“I’m saved now what?” This expresses an understandable question after one makes Jesus Lord of their life. Unfortunately a good number of those who ask this question never get the answer that they need. This post should serve as a good outline of what will be shared on this website to address this need. With this in mind, let us look at the three mountaintop experiences of a normal Christian.


If we use the analogy of “mountaintop experiences of a Christian” it should make the answer to this question easier to visualize. Mt. Calvary looms as our first mountaintop experience. Indeed, Jesus was crucified for our sins there. This mountain enters as the starting point for our walk with God otherwise known as salvation. Another term for this is positional sanctification. At this point in your walk you are as saved as you ever will be in the eyes of God. Consequently, the Bible says that through Jesus justification enters our lives (Rom. 5:18). Justification does more than wipe our slate of sin clean. As a matter of fact, justification carries with it the idea that we have never sinned. Positionally, we transform into new creations (2 Cor. 5:17; Jn. 3:3-8). As a result, God looks at us as if we have never sinned!!! What a wonderful truth! However, we don’t need to stop here and grow stagnant, which brings us to the next mountaintop, Mt. Sinai.


At the first Pentecost, God came down from Mt. Sinai and dwelt in the Holy of Holies inside the tabernacle so that He could dwell among His chosen people, Israel. On the day of Pentecost in the second chapter of Acts, God came down and dwelt inside His people, the Church. He could not do this in the Old Testament because all the sacrifices in the world could not make them holy enough for God to indwell them. This took the Blood of the Lamb, God’s Son, Jesus. This indwelling of the Holy Spirit mentioned throughout the book of Acts is secondary to being born again. I will discuss this in more detail in a later blog. More importantly, this is the place where progressive sanctification begins. This is where God begins to mold us and shape us into the Image of His Son. We must understand that we must play our part in this process. We must be filled with the Holy Spirit daily (Eph. 5:18). We must read and study God’s Word (John 17:17; 2 Tim. 2:15). We must develop a prayer relationship with God (Eph. 6:18; 1 Thess. 5:17; Matt. 6:9-13). We must practice certain disciplines as outlined in the New Testament. Doing these things will not make you more saved. Indeed, according to Eph. 2:8,9, no amount of working we do earns salvation. However, most people never quote verse 10 of this passage which says, “We are His workmanship created in Christ Jesus for good works, which God prepared beforehand that we should walk in them.” Dallas Willard once said in an interview that, “Grace isn’t against works, it’s against earning.” This may sound overwhelming to some but don’t worry, if you are truly born again God will place a desire in you to want to get closer to Him. You will also find out real quick that your transformation into the image of Christ is not possible without the Holy Spirit’s help.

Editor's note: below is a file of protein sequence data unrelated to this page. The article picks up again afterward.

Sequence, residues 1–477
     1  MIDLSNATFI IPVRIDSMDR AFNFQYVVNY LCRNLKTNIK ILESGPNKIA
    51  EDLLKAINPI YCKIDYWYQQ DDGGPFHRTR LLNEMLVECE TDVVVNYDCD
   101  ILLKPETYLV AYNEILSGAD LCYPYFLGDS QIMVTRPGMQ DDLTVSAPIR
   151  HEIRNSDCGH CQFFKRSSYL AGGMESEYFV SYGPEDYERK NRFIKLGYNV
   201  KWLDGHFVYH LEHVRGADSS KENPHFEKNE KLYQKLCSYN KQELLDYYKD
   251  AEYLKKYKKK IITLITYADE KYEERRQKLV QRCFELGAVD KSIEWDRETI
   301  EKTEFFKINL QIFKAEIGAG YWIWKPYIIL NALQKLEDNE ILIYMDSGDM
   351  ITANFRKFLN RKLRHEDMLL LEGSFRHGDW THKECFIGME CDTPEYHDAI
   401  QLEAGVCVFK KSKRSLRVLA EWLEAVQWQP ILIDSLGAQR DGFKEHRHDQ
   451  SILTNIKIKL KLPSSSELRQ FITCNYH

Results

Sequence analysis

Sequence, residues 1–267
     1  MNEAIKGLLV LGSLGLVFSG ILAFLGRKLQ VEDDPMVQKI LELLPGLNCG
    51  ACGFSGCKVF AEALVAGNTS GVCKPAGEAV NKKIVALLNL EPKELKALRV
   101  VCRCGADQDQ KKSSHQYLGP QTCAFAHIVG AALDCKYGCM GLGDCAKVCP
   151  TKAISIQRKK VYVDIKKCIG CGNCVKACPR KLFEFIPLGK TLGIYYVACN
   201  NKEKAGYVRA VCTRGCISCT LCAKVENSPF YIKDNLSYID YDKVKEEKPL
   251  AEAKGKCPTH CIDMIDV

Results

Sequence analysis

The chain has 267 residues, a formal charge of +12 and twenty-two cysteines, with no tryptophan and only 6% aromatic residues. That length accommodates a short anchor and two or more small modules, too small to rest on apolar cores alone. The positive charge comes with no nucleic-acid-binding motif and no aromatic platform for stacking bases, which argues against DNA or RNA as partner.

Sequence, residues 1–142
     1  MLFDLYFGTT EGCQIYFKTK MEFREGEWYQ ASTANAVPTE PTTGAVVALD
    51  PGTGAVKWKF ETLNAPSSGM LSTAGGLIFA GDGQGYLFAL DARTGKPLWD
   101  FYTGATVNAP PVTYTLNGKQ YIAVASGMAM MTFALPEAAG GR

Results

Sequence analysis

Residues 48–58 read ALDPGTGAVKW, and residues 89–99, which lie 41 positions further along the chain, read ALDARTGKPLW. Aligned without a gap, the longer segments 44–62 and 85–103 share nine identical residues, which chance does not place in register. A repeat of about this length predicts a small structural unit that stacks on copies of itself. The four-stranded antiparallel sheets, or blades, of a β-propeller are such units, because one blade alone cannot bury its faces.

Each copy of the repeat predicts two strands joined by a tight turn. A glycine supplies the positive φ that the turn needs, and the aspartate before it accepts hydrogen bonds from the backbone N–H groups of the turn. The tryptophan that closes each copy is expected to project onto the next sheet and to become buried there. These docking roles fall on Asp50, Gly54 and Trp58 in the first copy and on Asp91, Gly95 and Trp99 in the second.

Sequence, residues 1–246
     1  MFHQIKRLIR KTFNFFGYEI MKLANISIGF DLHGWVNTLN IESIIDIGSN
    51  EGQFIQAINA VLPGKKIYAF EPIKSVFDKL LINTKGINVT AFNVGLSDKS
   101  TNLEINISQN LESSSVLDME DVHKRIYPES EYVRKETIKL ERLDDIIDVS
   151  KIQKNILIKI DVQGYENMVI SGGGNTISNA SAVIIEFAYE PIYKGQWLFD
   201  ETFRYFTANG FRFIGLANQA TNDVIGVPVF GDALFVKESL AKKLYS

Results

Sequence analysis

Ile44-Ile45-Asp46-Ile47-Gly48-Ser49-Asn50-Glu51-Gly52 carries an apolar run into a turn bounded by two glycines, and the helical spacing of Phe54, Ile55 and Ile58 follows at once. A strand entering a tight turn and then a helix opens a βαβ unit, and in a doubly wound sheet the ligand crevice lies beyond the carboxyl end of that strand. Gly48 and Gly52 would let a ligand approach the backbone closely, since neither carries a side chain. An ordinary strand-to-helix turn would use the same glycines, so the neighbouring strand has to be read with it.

Mt. Zion now enters our field of vision as the last mountaintop on our journey. Sometimes called ultimate sanctification or glorification, Mt. Zion rises as the preeminent goal of the Christian’s walk with God. One of my heroes, John Wesley, taught that this mountaintop could be achieved in this lifetime. He called it Christian perfection. He was sincerely wrong on this one. Your walk with God from Mt. Sinai until the day you die will be concerned with trying to reach this summit. You won’t make it. But don’t worry, God knows you won’t make it in this lifetime, but when you take your first step into heaven and hear the voice of your Savior saying, “Well done, good and faithful servant…enter into the joy of your Lord” (Matt. 25:21), you will realize that you have arrived.


I hope this post has given you some idea of what discipleship entails. We will be covering each one of these mountaintop experiences in much more detail in upcoming blog posts.

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